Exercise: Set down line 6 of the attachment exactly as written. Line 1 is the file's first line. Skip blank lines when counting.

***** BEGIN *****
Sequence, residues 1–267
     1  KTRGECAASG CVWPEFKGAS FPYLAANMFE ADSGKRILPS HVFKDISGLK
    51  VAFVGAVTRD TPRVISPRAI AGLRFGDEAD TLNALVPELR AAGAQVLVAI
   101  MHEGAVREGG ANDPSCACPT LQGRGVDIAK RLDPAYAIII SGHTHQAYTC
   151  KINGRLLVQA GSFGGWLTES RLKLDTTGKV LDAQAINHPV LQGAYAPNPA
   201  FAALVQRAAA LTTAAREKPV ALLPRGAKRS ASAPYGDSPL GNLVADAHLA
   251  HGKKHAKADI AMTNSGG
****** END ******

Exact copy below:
   201  FAALVQRAAA LTTAAREKPV ALLPRGAKRS ASAPYGDSPL GNLVADAHLA